Use of an Artificial Intelligence–Based Tool for Detecting Image Duplication Prior to Manuscript Acceptance

Daniel S. Evanko1


Image reuse is a common problem with the integrity of image data reported in scientific articles. Considerable resources are expended by the community in trying to detect, communicate, and respond to potential image reuse. These efforts are manually intensive and often take place after publication, when resolution is difficult and time-consuming. The study objective was to evaluate the use of an artificial intelligence–based tool to identify potential image reuse prior to acceptance and address problems then.


In this cross-sectional study designed to systematically identify and act on instances of image reuse in manuscripts submitted to 9 journals published by the American Association for Cancer Research, a machine-assisted process was implemented for detecting potential image duplication between images in a manuscript. Prior to issuing a provisional acceptance decision, an internal editor selected original research manuscripts containing images susceptible to duplication and detection and uploaded them to a commercial tool (Proofig). The tool’s assessment was followed by editor evaluation and refinement of the results and communication of potentially problematic image duplications to the authors using a standard report generated by the tool. Author responses and the outcomes of these queries were recorded in a tracking sheet using a standardized classification system.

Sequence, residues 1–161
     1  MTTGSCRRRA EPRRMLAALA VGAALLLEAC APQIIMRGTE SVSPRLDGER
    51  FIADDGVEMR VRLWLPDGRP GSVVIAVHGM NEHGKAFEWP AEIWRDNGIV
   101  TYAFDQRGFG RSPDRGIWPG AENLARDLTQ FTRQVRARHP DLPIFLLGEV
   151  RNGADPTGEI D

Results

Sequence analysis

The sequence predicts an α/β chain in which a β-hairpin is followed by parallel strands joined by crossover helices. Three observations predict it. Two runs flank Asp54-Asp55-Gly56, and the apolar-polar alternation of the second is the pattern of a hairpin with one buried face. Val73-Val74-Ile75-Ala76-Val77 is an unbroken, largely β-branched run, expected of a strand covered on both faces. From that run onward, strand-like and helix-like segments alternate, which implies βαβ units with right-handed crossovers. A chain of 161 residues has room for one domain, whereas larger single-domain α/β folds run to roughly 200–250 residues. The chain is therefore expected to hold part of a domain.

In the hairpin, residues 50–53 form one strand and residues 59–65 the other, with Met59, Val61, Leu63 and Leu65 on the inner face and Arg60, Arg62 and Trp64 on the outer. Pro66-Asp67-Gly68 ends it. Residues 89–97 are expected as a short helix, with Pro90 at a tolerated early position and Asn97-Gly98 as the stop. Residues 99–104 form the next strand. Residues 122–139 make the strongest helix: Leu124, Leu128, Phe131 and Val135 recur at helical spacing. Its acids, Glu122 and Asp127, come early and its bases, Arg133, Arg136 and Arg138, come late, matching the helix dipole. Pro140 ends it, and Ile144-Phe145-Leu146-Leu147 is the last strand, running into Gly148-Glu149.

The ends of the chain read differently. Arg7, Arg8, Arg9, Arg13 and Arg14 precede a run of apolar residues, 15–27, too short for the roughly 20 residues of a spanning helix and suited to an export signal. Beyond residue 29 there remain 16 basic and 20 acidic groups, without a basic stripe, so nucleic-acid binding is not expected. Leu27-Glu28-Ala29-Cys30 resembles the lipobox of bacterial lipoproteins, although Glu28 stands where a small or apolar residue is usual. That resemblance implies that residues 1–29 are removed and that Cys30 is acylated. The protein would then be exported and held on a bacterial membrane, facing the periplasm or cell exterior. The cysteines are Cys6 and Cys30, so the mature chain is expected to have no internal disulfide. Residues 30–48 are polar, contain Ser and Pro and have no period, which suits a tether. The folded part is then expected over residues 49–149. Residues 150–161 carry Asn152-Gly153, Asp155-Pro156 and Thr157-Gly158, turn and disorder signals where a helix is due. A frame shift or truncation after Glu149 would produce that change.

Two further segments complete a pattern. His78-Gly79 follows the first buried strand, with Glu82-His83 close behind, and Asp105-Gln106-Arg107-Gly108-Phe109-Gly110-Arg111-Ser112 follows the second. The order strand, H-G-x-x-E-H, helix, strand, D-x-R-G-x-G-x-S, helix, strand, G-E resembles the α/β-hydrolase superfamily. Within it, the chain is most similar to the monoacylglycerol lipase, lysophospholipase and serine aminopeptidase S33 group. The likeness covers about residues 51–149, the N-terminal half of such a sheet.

From January 2021 through May 2022, a total of 207 image duplication queries were sent to authors for their response. This represented 9.3% of 2220 original research manuscripts that reached this editorial stage and 15% of the 1367 manuscripts selected for analysis. The distribution of duplicate quantity per manuscript was 104 (50%) with 1 duplicate, 46 (22%) with 2 duplicates, 19 (9%) with 3 duplicates, 28 (14%) with 4 to 10 duplicates, and 11 (5%) with 11 or more duplicates. Responses from authors indicated that 63% (n = 131) of duplications were unintentional, for example, from general image mishandling, and 28% (n = 58) were intentional duplications for presentation purposes (see Table 2 for details). In 2% (n = 5) of cases the author said they were investigating or provided no explanation. These manuscripts were withdrawn or rejected. In all other cases, changes were made to address the duplication(s). Only in 12 cases did the potential duplication turn out not to be a duplication. To compare the time required to identify seemingly real duplications for communication to authors, 5 editors first analyzed 27 manuscripts purely manually and then using the tool followed by manual evaluation and refinement. The mean time per manuscript for tool-assisted analysis was 4.4 minutes (11 duplications identified in 8 manuscripts) vs 8 minutes (5 duplications identified in 3 manuscripts) for manual analysis.


The use of this artificial intelligence–based tool effectively identified real duplications between and within figures in 14% (195/1367) of manuscripts intended for acceptance that contained images susceptible to duplication and detection. This allowed these problems to be addressed prior to publication with minimal manual effort.

1American Association for Cancer Research, Philadelphia, PA, USA, daniel.evanko@aacr.org

Conflict of Interest Disclosures

Daniel S. Evanko is a member of the Peer Review Congress Advisory Board but was not involved in the review or decision for this abstract.